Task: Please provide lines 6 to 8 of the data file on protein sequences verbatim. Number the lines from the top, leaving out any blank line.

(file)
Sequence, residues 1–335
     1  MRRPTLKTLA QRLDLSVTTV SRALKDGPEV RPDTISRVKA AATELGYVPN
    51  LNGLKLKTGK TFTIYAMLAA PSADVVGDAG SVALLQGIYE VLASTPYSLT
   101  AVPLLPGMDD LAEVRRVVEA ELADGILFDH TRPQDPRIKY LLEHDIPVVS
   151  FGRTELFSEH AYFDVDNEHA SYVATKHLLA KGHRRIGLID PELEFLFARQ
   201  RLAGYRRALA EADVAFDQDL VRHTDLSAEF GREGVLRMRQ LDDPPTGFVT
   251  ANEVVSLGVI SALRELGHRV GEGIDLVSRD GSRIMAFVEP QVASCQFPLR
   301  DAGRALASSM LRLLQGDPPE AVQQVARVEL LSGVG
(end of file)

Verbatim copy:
   201  RLAGYRRALA EADVAFDQDL VRHTDLSAEF GREGVLRMRQ LDDPPTGFVT
   251  ANEVVSLGVI SALRELGHRV GEGIDLVSRD GSRIMAFVEP QVASCQFPLR
   301  DAGRALASSM LRLLQGDPPE AVQQVARVEL LSGVG